Phight COVID

Data Analyst


2021 Fall

On March 11, 2020, the World Health Organization (WHO)’s declaration of COVID-19 as a pandemic caused widespread panic and alarm across the United States. One of the biggest shocks about the results of the pandemic was that the U.S. fared worse than other countries, “with more than 29 million cases and nearly 530,000 deaths” (Scientific American). As a result, there is an urgent need to understand the mistakes that were made which led to where we are today. This study is referenced on both Pittsburgh Post Gazette and NPR.

Research Questions

We explore a variety of research question, each about the effectiveness of mask mandates at the state-level in the United States.

Full Interactive Report

linkt to report

Main Takeaways

1. Coorelation != Causation

This may seem very obvious. However, the reality is we only have observational data but we want to draw a causal conclusion. What we end up doing is trying to account for confounding factors. One example is the graph my colleague Jimmy made where he compare the effectiveness of masks between states with similar vaccine rates. Even though we couldn’t account for every possible confound factor, we try to address the major and impactful ones.

2. Interactive Graphs is a Saver

Graphs are good ways to visualize data but if it contains too much information then it becomes overwhelming. Interactive graphs are a balance between the two – it allows the readers to easily get the gist but also open to inspect individual data points in depth.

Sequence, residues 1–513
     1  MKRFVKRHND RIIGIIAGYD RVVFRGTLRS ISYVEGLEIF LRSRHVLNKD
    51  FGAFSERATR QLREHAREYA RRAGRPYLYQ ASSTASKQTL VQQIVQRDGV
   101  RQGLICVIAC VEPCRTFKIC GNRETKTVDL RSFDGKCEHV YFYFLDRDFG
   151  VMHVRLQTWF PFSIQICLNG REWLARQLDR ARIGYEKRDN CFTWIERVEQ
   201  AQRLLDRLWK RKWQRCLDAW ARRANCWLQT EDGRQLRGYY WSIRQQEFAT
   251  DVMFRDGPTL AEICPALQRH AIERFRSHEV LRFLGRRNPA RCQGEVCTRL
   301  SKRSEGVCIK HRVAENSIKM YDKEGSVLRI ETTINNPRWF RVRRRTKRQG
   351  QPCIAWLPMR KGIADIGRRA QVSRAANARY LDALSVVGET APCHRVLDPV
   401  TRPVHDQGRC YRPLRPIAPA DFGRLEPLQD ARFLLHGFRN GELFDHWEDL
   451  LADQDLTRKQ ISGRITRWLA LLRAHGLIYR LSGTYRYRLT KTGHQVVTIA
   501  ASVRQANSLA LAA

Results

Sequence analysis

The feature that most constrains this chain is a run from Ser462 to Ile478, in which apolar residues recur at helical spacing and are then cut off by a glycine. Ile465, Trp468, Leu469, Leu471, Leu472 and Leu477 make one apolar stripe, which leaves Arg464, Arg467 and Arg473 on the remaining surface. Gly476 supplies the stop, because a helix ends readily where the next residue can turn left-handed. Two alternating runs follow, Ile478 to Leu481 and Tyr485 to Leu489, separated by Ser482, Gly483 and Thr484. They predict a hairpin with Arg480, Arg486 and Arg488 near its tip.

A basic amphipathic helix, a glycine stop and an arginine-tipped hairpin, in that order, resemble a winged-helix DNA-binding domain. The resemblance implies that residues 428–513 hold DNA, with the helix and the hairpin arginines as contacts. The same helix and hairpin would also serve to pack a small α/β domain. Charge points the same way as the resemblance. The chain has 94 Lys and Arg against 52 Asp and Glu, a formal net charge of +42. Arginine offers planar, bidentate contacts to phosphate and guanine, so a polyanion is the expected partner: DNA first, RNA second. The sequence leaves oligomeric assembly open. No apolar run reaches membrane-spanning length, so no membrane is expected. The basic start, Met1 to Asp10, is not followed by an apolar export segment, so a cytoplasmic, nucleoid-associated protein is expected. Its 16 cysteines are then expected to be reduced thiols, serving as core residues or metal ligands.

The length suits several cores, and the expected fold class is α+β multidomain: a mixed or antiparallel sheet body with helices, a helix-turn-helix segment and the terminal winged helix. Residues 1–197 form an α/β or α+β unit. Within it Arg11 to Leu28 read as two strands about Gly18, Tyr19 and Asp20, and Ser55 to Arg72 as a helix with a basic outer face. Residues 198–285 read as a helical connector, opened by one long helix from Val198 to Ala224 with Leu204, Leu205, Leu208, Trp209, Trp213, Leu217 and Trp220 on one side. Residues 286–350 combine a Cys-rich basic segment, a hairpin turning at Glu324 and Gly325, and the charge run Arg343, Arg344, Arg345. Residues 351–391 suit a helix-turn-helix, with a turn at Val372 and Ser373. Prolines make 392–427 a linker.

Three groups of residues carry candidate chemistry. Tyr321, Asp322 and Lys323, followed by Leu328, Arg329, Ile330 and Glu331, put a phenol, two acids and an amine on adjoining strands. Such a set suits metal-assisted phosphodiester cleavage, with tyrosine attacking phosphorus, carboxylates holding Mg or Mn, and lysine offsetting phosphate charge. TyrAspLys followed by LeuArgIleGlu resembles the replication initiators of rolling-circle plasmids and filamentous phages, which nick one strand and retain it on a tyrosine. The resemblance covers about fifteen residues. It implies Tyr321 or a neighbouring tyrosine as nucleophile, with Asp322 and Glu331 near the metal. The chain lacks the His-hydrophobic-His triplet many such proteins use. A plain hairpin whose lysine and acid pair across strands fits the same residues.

3. Data Reports are Subject to Manipulation

In our research, we try out best to maintain objectivity. However, we can clearly see that it’s very easy for the researcher to manipulate the analysis so that they can see the results they want: e.g. using different success criteria, comparator, or calculation methods. In an academic research paper, this may be very apparent, but in a corporate setting where the people only skim the conclusion and the graph, it leaves a lot of room for manipulation. Hence, it’s advisable for PMs to understand how the data analysis is conducted to ensure it’s not intentionally or accidentally manipulated.

Under the Hood

We utilized R with various packages including tidyverse, ggplot2, and plotly.

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